AVMA Opposes Mandatory Spay and Neuter

Posted on 05/07/2009


Dog and Cat Population Control
(Oversight: AWC; EB 11/2004; revised 04/2009)

The population of dogs and cats in the United States currently exceeds the capacity of our society to care and provide homes for them as companion animals. As a result, millions do not have homes and are euthanatized annually by animal control agencies, humane organizations, and veterinarians in private practice. Dogs and cats that are not adopted can become victims of trauma, starvation, or disease. The AVMA concludes that dog and cat population control is a primary welfare concern of our society.

  1. Public Policy
    The AVMA does not support regulations or legislation mandating spay/neuter of privately owned, non-shelter dogs and cats. Although spaying and neutering helps control dog and cat populations, mandatory approaches may contribute to pet owners avoiding licensing, rabies vaccination and veterinary care for their pets, and may have other unintended consequences. 

    The AVMA believes that state and local governments must evaluate their needs and resources to develop appropriate and effective dog and cat population control programs. This would include:

    1. Providing sufficient funding to animal control agencies to facilitate:
      1. Strict enforcement of existing animal control laws, and
      2. Licensing of all dogs and cats.
    2. Prohibiting the sale or adoption of intact dogs and cats by humane organizations and animal control agencies.
    3. Promoting surgical and nonsurgical sterilization of intact dogs and cats. Just as for other veterinary medical and surgical procedures, veterinarians should use their best judgment in recommending at what age sterilization should be performed for individual animals.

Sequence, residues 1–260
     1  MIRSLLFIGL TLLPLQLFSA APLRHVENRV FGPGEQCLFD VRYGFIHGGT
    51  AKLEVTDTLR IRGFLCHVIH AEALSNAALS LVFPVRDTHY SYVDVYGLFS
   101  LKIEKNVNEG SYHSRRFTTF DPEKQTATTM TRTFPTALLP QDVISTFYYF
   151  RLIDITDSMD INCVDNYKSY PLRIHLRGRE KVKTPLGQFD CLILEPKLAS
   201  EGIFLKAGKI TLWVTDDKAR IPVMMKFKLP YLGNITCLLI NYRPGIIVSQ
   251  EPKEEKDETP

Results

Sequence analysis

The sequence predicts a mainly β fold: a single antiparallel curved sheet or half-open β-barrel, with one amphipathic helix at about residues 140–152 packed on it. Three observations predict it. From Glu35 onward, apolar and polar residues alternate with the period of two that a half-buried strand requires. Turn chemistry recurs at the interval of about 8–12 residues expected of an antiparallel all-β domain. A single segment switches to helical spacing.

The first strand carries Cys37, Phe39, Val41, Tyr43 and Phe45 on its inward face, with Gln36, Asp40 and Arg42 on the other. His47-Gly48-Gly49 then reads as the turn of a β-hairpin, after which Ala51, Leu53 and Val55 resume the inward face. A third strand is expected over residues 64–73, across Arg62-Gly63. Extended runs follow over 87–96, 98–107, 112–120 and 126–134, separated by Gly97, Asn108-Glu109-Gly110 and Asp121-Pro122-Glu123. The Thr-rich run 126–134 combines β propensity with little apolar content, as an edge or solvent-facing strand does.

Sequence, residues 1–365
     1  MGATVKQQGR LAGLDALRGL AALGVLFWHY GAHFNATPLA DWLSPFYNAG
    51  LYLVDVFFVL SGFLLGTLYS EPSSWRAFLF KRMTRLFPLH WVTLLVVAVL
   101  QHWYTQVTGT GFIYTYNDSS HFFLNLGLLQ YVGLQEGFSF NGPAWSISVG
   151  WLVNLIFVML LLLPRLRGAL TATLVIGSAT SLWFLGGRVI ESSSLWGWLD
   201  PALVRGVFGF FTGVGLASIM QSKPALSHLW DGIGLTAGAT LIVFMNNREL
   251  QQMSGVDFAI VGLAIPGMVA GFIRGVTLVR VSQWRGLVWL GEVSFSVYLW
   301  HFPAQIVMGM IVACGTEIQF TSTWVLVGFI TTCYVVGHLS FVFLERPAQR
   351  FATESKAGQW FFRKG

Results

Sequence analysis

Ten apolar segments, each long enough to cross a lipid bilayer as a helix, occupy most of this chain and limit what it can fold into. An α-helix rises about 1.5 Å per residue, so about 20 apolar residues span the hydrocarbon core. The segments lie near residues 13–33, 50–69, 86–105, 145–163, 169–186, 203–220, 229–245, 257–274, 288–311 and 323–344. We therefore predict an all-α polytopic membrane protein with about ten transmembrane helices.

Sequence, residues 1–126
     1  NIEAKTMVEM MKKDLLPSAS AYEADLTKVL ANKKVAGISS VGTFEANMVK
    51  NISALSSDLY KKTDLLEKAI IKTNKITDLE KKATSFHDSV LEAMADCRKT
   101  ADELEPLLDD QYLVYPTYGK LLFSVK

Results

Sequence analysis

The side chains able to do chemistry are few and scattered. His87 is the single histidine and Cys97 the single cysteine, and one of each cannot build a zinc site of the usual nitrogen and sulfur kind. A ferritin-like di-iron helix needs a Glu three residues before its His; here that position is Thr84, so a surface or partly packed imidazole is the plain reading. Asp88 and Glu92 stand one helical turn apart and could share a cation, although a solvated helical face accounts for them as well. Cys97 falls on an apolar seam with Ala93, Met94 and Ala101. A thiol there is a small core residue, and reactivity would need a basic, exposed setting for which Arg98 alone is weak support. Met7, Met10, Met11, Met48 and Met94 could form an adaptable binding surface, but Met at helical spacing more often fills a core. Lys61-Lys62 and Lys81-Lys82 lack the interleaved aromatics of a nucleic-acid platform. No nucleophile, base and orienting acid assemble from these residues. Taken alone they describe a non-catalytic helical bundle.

4. Requiring licensing, rabies vaccination and permanent identification through microchipping.
  2. Research
    1. The AVMA encourages research into the development and use of nonsurgical methods of sterilization.
    2. The AVMA encourages research to better define and quantify the dog and cat overpopulation problem.
  3. Education
    1. The AVMA supports public education campaigns that help pet owners be more responsible and concerned.
    2. Comprehensive public education campaigns to prevent relinquishment require the commitment and cooperation of state and local governmental agencies, humane organizations, and veterinary associations.
    3. Education to prevent relinquishment should include tenets of responsible pet ownership, including appropriate selection, the importance of spaying and neutering, keeping pets indoors or in restricted environments, preventing or solving behavioral problems, and consulting with veterinarians for information on these issues.
    4. The AVMA encourages all independent sources of pets (e.g., breeders, pet shops, shelters, animal control facilities, private individuals) to educate new owners about the importance of surgical or nonsurgical sterilization and regular veterinary care.
    5. Schools of veterinary medicine and veterinary technology should emphasize the prevention and/or solution of behavioral problems and other factors leading to dog and cat relinquishment.
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